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The GAO report, expected to be made public on Thursday, provides extraordinary detail on America’s top three law enforcement officials’ travel.

The bureau has said the Gulfstreams, a favorite jet of CEOs in the corporate world, are housed in a secret Washington area location, and were needed to whisk FBI counterterrorism agents on a moment’s notice to global hotspots for investigations, transporting terrorists, dispatching equipment and returning evidence to Washington for testing. The bureau, in seeking budget approval, has told Congress over the years that the jets were used for “crucial missions” into Iraq and “fast-moving investigations and crisis situations” in places such as Afghanistan.

And in 2010, when the FBI sought additional money and eventually the second Gulfstream jet, officials told Congress that the original jet was being taxed by the counterterrorism mission. “Aviation missions transport personnel for counterterrorism operations throughout the world, and increasing usage of the Gulfstream V has placed a strain on available maintenance/fuel funds necessary to successfully carry out crucial missions,” the budget request argued.

But the GAO review found the jets were used only used about 40 percent of the time for counterterrorism since 2007, with their primary function becoming executive travel.

“From fiscal years 2007 through 2011, 60 percent (2,206 of 3,657) of all flight hours for the FBI’s two Gulfstream V aircraft were associated with non-mission flights to transport the Attorneys General, FBI Director, and other DOJ executives,” the GAO found. The smaller aircraft were used only about a third of the time for the executive travel, the audit found.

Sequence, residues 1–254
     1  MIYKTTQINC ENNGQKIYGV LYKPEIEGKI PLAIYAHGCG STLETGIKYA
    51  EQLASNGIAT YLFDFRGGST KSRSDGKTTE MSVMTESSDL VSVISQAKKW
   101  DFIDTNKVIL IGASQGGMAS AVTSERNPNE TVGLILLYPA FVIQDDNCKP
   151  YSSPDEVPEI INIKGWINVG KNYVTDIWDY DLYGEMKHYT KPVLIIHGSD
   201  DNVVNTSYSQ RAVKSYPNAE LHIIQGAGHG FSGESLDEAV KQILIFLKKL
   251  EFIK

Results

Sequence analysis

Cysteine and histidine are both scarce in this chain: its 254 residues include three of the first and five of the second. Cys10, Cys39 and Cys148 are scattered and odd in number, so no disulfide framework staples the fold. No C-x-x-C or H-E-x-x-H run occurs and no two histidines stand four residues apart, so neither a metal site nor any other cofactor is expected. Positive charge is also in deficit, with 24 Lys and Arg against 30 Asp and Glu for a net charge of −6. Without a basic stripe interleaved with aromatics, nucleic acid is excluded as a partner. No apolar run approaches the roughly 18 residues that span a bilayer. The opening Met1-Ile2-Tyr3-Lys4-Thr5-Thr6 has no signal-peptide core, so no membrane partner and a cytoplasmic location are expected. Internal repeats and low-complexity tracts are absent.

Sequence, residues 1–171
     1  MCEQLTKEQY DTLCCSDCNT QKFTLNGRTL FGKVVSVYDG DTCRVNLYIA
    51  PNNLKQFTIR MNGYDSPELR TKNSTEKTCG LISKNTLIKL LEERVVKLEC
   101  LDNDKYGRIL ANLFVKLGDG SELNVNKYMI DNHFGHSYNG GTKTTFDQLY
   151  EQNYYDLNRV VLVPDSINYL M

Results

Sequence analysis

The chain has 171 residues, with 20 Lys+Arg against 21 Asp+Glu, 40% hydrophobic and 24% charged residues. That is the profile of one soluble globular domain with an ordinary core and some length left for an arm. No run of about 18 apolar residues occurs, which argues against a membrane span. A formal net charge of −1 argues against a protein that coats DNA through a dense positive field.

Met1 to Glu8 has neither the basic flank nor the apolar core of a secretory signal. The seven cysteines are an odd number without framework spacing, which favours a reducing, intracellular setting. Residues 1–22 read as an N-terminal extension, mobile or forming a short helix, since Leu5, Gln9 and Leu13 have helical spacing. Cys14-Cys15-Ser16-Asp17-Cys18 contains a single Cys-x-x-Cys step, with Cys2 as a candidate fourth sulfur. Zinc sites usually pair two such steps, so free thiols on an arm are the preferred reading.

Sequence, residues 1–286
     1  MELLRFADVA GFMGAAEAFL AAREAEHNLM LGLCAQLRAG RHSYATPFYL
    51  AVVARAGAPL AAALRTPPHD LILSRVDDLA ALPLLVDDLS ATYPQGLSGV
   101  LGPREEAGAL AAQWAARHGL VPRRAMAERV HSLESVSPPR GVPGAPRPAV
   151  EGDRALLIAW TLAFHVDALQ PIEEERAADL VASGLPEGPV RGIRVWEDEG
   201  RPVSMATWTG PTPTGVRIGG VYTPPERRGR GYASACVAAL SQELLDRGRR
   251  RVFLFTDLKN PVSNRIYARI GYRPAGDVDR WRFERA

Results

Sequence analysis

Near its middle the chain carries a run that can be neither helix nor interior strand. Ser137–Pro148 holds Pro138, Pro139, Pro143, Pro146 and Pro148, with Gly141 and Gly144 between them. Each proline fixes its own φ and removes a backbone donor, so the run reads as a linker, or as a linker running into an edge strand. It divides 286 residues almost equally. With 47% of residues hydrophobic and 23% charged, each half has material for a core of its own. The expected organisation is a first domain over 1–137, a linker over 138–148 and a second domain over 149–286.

In fact, the FBI has now scrapped its smaller Citation jet in favor of the second Gulfstream, officials said.

Grassley questioned the judgment of the bureau to use the larger aircraft regularly.

“The law requires the folks to travel,” Grassley said, “but they don’t have to  travel in the Gulfstream if they’ve got Citations, particularly if it’s for personal use. … When you’re going to some private event or personal event, that’s unrelated to your government service, and you’re using these planes, you ought to take the cheapest method of travel you can.”

The GAO report follows other recent controversies in which top government and political leaders have created perks or conveniences for themselves that are unavailable for average Americans and cost taxpayers money. Over the last few years, lawmakers who have used military aircraft for travel or White House officials who used government cars as limousine service have stirred their own controversies.

FBI officials point out that Holder, who took over in 2009 from Mukasey, and Mueller, who has been FBI director since 2001, were forced by a White House order to use government aircraft, and that the decision on what aircraft to use each time falls to career officials in the FBI flight operations unit.

Nonetheless, the cost to taxpayers – especially when the Gulfstream Vs are used for personal travel – can be large.

Take for instance the personal travel aboard the aircraft. When Holder, Mueller or Mukasey took personal trips, they reimbursed taxpayers at a rate equivalent to coach air fare on commercial flights, but that amount hardly covers the true cost of the flights. In fact, the 88 trips by Holder and Mukasey for personal reasons cost about $1.6 million, yet the taxpayers were reimbursed only $46,982, or about 2.9 percent of the actual tab.

The report cited one specific example by Holder, who took a personal trip in November  2010 using the FBI’s Gulfstream V. The flight “had an estimated flight cost of $15,894, but the reimbursement at the equivalent commercial fare was $420.80,” the report noted.

Mueller used the aircraft far less often for personal trips, making just 10 trips and reimbursing the government a total of $4,556, the report said. One factor contributing to the lower total was that Mueller was not required to use government aircraft for personal travel until 2011. In fact, the report noted, Mueller almost always flew on commercial airlines for personal travel before the White House order was extended to him.

The GAO also cited another potentially avoidable cost for taxpayers: The FBI jets are kept at a secret location outside Washington and must be flown each time to Reagan National Airport to pick up Mueller and Holder. The cost of those brief transitional flights was $1.5 million between 2007 and 2011 — roughly 10 percent of the total cost of all their flights.

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